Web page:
Stroll into any mid-range hotel with a flash drive in your pocket. Don’t bother with the old desktop computer in the lobby “business center.” Stop at the front desk, smile wide, and slap your USB device on the counter. Politely ask the guest services agent to print a document for you. If they direct you to the business center, claim that you tried it the previous night and couldn’t get it to work. Then observe.
Congratulations, you just slipped past the perimeter defense of a multi-billion dollar corporation. Let me lay out what happens next. The front desk staff takes your flash drive to the back, pops it into a USB port, and joyfully opens whatever file you ask them to.
I know this trick works because I’ve witnessed the scenario play out a thousand times. In a few instances, I was the unwitting hand guiding the thumb drive into a terminal. While most Firewalls.com blog posts shy away from anecdotes and keep individual histories at a professional arm’s length, this post is based on personal experience.
I worked in the hospitality industry for half a decade before shifting into the info sec market. This is what I learned.
Corporate Will Do the Leg Work for You
Okay, getting a file onto a machine was easy, but you’ve only infected a single computer on a closed network. Now what? Wait for corporate to do the heavy lifting.
Each night when the hotel audits their daily transactions, troves of data are gleaned from employee desktops and rolled up to the corporate servers for safe keeping. Your freeloading file needs only loiter on the network until about 2:00 or 3:00 in the morning, when corporate provides a free lift to the database where comprehensive financial data, transaction history, and confidential customer information for a multinational brand is stored.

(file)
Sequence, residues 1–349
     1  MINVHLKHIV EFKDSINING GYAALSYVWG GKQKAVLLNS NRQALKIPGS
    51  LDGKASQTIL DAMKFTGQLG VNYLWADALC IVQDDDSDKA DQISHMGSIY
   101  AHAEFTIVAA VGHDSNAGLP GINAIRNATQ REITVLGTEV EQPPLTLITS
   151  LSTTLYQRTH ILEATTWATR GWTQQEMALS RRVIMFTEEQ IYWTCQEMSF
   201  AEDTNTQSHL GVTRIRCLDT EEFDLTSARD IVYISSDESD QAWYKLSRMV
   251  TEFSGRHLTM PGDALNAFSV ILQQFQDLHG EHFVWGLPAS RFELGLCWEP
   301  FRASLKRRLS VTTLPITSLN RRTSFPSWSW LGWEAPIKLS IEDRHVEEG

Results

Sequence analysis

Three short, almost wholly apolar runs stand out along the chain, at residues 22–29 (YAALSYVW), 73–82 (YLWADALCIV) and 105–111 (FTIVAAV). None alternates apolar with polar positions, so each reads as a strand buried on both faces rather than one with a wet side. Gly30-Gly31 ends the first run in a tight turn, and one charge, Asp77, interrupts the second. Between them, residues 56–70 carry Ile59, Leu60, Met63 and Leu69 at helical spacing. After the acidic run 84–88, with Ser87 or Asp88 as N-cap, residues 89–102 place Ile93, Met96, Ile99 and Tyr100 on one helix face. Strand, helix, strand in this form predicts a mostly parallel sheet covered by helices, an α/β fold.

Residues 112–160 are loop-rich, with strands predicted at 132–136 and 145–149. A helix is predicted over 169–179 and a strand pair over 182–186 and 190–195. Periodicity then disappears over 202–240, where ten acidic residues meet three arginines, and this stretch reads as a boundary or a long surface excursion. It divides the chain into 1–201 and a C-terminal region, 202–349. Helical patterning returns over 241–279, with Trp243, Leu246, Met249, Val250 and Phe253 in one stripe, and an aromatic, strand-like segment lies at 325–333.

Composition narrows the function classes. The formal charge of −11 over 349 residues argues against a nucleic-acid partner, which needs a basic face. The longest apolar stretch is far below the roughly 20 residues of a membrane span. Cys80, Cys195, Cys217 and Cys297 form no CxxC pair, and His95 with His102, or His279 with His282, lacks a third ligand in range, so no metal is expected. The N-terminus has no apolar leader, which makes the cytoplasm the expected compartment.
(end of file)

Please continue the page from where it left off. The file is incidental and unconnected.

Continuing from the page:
Security Culture in 10 Minutes or Less
Hotel new hires typically sit through a series of training modules where the mainstays of employee on-boarding make their appearances: OSHA policy review, incident reporting, benefits programs, core values. If the brand is more forward-thinking, then somewhere in this hodgepodge of instructional videos is nestled the briefest touchpoint on cyber security.
Included in one training excursion I trudged through, the company splurged on commissioning Kevin Mitnick to narrate a nine-minute video on cyber crime. After a Spark Notes’ tier definition of social engineering, Kevin encourages new employees to address further email fraud questions to their direct supervisors.
Hoteliers Wear Many Hats, But None of Those are White Hats
Asking superiors for further information sounds reasonable, in a script. But I was a direct supervisor to over a dozen employees and was granted no special insight into preventing cyber crime. I was consistently preoccupied with expanding a repertoire of customer service, accounting, management, sales, payroll, quality control, HR, safety, facilities management, commercial kitchen, and plumbing skills. Hotel employees tend to be jacks of all trades at the expense of being even a journeyman in any specific talent. Specialists graduated away from the front lines quickly or were chased out when one of their duller skills failed to impress.